(1) 
Based on and , the Laplacian matrix of is
(2) 
Moreover, we consider additional attributes modelled as features on the graph vertices. Assuming that each node is associated to a scalar feature, the graph signal takes the form of a vector in .
Smooth graph signals
Following (Rue and Held, 2005)
, we interpret graphs as key elements that drive the probability distributions of signals. Specifically, we consider two graphs
and with Laplacian matrices and, and we consider signals that follow the normal distributions defined as
^{1}^{1}1Note that denotes a pseudoinverse operator. (Dong et al., 2016)(3)  
(4) 
The above formulation means that the graph signal values vary slowly between strongly connected nodes (Dong et al., 2016). This assumption is verified for most common graph and network datasets. It is further used in many graph inference algorithms implicitly representing a graph through its smooth signals (Dempster, 1972; Friedman et al., 2008; Dong et al., 2018)
. Furthermore, the smoothness assumption is used as regularization in many graph applications, such as robust principal component analysis
(Shahid et al., 2015) and label propagation (Zhu et al., 2003).Wasserstein distance between graphs
Instead of comparing graphs directly, we propose to look at the signal distributions, which are governed by the graphs. Specifically, we measure the dissimilarity between two graphs and through the Wasserstein distance of the respective distributions and . More precisely, the 2Wasserstein distance corresponds to the minimal “effort” required to transport one probability measure to another with respect to the Euclidean norm (Monge, 1781), that is
(5) 
where denotes the push forward of by the transport map defined on a metric space . For normal distributions such as and , the 2Wasserstein distance can be explicitly written in terms of their covariance matrices (Takatsu, 2011), yielding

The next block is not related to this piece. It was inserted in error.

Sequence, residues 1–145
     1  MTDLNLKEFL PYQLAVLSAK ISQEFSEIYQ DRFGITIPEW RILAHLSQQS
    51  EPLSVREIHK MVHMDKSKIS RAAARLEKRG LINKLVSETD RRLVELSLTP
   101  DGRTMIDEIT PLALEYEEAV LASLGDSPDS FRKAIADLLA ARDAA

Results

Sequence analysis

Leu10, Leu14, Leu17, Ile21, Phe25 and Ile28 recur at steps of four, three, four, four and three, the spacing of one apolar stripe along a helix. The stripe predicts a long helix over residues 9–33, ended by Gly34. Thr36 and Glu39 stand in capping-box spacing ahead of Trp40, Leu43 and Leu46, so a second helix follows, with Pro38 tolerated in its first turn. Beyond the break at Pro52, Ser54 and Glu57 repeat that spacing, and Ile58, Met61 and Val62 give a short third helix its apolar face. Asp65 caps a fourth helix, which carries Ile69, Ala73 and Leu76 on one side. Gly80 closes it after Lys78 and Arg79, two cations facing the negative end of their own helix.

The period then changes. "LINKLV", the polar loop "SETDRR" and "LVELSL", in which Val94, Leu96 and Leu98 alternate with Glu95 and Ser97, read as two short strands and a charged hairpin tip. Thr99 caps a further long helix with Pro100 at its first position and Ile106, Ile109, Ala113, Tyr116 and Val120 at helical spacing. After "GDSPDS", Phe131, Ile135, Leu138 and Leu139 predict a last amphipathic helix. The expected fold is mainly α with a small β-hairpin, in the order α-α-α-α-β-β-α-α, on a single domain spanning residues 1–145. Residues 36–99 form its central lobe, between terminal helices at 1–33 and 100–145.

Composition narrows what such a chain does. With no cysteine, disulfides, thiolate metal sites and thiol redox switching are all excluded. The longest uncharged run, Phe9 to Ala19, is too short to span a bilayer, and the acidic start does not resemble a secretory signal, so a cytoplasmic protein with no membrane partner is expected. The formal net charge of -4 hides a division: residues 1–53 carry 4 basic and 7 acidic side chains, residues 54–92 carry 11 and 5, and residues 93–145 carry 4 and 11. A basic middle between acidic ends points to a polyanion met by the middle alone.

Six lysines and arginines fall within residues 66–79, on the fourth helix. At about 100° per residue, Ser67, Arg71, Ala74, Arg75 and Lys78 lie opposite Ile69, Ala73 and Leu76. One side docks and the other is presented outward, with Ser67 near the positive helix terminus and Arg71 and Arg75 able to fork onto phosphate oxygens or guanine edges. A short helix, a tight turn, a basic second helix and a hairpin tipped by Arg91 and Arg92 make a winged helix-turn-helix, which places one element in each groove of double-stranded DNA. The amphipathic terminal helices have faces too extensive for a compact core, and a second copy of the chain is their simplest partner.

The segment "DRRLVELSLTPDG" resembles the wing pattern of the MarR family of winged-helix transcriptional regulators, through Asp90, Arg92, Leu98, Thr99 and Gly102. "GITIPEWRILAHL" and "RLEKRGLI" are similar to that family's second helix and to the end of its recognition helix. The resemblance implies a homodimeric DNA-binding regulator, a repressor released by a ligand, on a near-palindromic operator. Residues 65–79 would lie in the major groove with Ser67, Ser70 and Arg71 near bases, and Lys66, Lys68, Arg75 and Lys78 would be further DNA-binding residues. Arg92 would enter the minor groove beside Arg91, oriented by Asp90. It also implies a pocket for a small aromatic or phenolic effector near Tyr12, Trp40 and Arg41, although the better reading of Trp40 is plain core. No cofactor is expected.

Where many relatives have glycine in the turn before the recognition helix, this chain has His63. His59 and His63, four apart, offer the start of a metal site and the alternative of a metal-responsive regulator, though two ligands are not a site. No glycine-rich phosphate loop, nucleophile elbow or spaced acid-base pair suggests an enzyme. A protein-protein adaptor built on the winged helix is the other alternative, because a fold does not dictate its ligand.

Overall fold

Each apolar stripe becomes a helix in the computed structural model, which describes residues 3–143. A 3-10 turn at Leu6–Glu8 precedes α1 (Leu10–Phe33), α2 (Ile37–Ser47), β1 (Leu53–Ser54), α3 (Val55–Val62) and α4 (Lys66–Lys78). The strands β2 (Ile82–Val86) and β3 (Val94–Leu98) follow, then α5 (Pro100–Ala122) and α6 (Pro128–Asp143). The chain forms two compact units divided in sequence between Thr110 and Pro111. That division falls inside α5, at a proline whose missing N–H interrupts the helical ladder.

(6) 
and the optimal transportation plan is .
The Wasserstein distance captures the structural information of the graphs under comparison. Namely, it is sensitive to differences that cause a global change in the connection between graph components, while it gives less importance to differences that have a small impact on the whole graph structure. Intuitively, this is a direct result from the definition of Wasserstein distance, with bigger changes to the expected behaviour of smooth signals resulting in a larger graph distance. This behaviour is illustrated in Figure 1 by a comparison with a simple distance that is the Euclidean norm between the Laplacian matrices of the graphs.
The optimal transportation plan enables the movement of signals from one graph to another. Namely, this continuous Lipshitz mapping adapts a graph signal to the distribution of another graph, while keeping similarity. This results in simple, but efficient prediction of this signal on another graph.
Note that in our setting a possible alternative to the Wasserstein distance could be the KullbackLeibler divergence, whose expression is explicit for normal distributions. However, the KL divergence goes to infinity when the covariance matrices are singular. Furthermore, the OT framework also produces a transportation plan between distributions, which can prove beneficial in some graph analysis tasks.
Graph alignment
Equiped with a measure to compare graphs through signal distributions, we now propose a new formulation of the graph alignment problem. It is important to note that the graph signal distributions depend on the enumeration of nodes chosen to build and . While in some cases (e.g., dynamically changing graphs, multilayer graphs, etc…) a consistent enumeration can be trivially chosen for all graphs, it generally leads to the challenging problem of estimating an a priori unknown permutation between graphs. In our approach, we are given two connected graphs and , each with distinct vertices and with different sets of edges. We aim at finding the optimal transportation plan from to . Furthermore, in order to take all possible enumerations into account, we define the probability measure of a permuted representation for the graph as
(7) 
where is a permutation matrix. Consequently, our graph alignment problem consists in finding the permutation that minimizes the mass transportation between and , which reads
(8) 
where and is the identity matrix. According to (3), (6), (7), the above distance boils down to